Usually everyone is satisfied with Git. You can find fault with the details and, hopefully, one day they will improve it (especially in the ways to connect one repository to another), but there is no point in changing the system itself for this.

If someone is using something else now, then it has “historically developed” and it is too expensive to change.

UI of the version control system: Gitea

Options: Microsoft GitHub, Gitlab, Gitea, Atlassian Bitbucket, JetBrains Space

There was a serious choice between 2 Open Source versions: Gitlab and Gitea, because the other options are expensive for self hosting, and they do not provide enough functions relative to the free options.

Gitlab is more advanced, but Gitea is quickly catching up with it and is already a very pleasant product. At the same time, Gitlab is a commercial development and interesting features are included in the paid versions, which is not the case with Gitea. And it’s also important – Gitea is written in Golang, and Gitlab is written in Rails. Because of this, Gitea is faster and has fewer system requirements.

CICD engine: Gitea

Options: Drone, ArgoCD, Gitea

Gitea has an engine similar to GitHub/Gitlab, so there’s no point in looking for something else. If you don’t like it due to current limitations (this subsystem appeared relatively recently and is actively developing in Gitea), then you can temporarily use something else (Drone).

Code Quality Analyzer: SonarQube, Ktlint

Options: detekt, ktlint, sonarqube

sonarqube finds a lot of problems qualitatively. ktlint is more in formatting, but it also finds well and is used.

detekt finds too many questionable things by default. I’m still looking at it, it’s not in the template yet.

Editor: Idea Ultimate Edition

Options: Idea SE, Idea UE, VS Code

So far, Idea UE is out of competition, but there is hope for VS Code in a few more years of development.

Basic additional plugins:

  • Kotlin Fill Class
  • SonarLint
  • GraphQL
  • .ignore
  • EnvFile
  • Kubernetes

API Technology: GraphQL

Options: plain HTTP, REST, jRPC, GraphQL

GraphQL has good typing and popularity. The main difference from HTTP/REST is the introduction of a new layer of abstraction – requests. It does not introduce a noticeable slowdown initially, but only manifests itself even better with the development of the project:

  • you can collect all the queries to understand whether something is being used or not
  • clients (UI) can update their requests without changing the server, which leads to independence and less technical debt



GraphQL itself spurs the CQRS style: separate queries and mutations. Again, over time, the benefits of this approach only increase.

Application Deployment: Kubernetes or Podman

Options: Kubermetes, Podman, Docker compose, Docker, Systemd service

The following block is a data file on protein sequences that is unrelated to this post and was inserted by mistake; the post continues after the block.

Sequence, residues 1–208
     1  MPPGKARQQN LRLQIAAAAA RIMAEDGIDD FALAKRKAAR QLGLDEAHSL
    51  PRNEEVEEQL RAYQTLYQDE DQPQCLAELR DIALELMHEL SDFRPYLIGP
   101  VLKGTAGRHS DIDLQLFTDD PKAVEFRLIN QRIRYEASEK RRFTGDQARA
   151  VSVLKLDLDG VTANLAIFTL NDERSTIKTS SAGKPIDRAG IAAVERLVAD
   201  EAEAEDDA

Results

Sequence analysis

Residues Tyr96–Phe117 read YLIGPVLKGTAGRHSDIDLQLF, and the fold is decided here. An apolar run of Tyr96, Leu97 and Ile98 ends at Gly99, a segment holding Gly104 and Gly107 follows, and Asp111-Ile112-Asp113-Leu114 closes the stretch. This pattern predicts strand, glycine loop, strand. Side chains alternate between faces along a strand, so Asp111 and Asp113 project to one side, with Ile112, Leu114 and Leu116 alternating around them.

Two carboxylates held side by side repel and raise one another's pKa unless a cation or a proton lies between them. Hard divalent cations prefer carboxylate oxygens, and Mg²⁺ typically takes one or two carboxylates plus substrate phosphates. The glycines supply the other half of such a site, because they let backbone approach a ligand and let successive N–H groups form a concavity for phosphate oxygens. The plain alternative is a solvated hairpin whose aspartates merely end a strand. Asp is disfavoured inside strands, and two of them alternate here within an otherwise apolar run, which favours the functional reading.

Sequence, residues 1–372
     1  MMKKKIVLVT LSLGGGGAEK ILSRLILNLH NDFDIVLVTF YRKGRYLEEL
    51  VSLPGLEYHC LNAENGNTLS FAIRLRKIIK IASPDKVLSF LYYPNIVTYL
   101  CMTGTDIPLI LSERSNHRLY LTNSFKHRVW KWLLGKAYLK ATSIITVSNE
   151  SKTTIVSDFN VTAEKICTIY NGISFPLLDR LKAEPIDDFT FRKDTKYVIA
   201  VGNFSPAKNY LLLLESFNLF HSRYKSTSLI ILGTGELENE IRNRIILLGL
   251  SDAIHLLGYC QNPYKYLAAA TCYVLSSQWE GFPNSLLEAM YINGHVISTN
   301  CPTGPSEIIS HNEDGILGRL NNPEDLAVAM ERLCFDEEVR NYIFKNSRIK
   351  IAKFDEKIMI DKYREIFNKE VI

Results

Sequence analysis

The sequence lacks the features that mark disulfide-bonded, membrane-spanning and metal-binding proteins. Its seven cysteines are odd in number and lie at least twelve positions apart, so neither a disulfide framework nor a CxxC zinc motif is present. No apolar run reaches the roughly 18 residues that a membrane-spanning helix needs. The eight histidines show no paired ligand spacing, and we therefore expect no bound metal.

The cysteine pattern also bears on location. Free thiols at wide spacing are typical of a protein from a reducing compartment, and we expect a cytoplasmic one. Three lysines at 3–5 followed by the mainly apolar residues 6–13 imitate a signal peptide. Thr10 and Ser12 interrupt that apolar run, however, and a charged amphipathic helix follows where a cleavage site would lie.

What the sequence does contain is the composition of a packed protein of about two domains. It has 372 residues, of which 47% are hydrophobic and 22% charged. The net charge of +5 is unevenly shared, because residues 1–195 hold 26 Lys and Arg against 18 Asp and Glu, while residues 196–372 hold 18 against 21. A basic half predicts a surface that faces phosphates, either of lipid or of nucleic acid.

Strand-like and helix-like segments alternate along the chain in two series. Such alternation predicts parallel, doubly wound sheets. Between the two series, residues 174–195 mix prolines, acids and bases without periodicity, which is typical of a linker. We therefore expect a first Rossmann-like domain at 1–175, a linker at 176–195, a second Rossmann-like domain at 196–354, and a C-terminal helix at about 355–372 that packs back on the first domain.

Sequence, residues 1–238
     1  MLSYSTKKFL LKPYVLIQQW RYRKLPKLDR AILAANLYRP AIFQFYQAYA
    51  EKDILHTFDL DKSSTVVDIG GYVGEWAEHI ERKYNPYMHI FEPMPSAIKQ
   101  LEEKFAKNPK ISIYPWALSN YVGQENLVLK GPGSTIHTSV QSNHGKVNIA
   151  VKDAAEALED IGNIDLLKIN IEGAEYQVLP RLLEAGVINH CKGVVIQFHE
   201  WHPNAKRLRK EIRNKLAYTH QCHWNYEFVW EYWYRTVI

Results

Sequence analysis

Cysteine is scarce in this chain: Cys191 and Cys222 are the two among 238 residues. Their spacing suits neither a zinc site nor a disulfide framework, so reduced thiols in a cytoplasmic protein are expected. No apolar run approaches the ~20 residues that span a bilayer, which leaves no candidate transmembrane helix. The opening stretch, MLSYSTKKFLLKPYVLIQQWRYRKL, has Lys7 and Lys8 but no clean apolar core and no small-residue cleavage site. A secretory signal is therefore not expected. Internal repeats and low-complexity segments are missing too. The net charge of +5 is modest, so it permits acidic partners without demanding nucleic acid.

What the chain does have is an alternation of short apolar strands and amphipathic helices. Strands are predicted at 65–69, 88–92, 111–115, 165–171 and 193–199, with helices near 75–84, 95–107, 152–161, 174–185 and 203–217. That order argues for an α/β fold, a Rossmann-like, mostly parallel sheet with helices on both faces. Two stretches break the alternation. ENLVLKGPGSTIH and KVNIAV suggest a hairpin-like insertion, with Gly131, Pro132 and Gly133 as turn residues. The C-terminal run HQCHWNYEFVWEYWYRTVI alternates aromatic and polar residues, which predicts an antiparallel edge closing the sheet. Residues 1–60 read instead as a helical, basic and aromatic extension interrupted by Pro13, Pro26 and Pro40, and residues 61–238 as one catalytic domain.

If the infrastructure already has Kubernetes, then the obvious option is to continue using it. If not (for example, at home), then you can use Podman – it also allows you to create podas similar to Kubernetes, but without all the heavy strapping.

For more information, see the specialized blog post “How to run server applications in 2023”.

Bundling the application: Docker

Options: zip, war, jar, rpm, deb, docker

Since it will be launched either through Docker or Kubernetes, then docker is the obvious answer.

Build via Jib, because it does not require Docker (convenient for CICD).

Basic versions

  • JVM: 17 – current stable
  • Kotlin: 1.8 – current version from the application generator
  • Spring Boot 3 (Spring 6) – current stable
  • Postgres: 15.2 – current stable

Architectural principle: monolith

Options: monolith, microservice

You should always start with a monolith, because this way it is faster to write and correct. Sometime later, this can be divided into microservices.

It is clear that if you have an S3 API at your disposal, then you do not need to write it yourself. You can use this as an external microservice.

Similarly, if some code is written in another language, you don’t need to worry too much, you can wrap it in a separate microservice.

At the same time, it makes sense to leave the main code for the first years of development in the monolith. And then it will be better to understand whether it is necessary to move away from this and, if necessary, how.

For example, the Gitea project is a monolith and it is unlikely that it will ever become a microservice.

Modularity: one module

Options: one module, many modules

I have not seen any advantages from the experience of working with multimodule projects. It’s just a problem. Therefore, one module is enough.

Principle: Folder structure

Main folders:

  • bin – scripts used for development
  • docs – the main documentation (then you can submit it to the wiki if the documentation is actively developed)
  • deployment – files related to deployment in Kubernetes or Podman
  • src/main/resources/db/migration – migrations of the Flyway database schema

Principle: Package structure

Options: quite a lot

Basic Packages:

  • client – clients to external systems (usually http clients, but there may be queues or something else)
  • config – application, Spring and library settings
  • db – code for working with Postgres
  • dao – jOOQ: manual code for communicating with Postgres
  • entity – Spring Data
  • repository – Spring Data
    • sql – jOOQ: generated Postgres schema code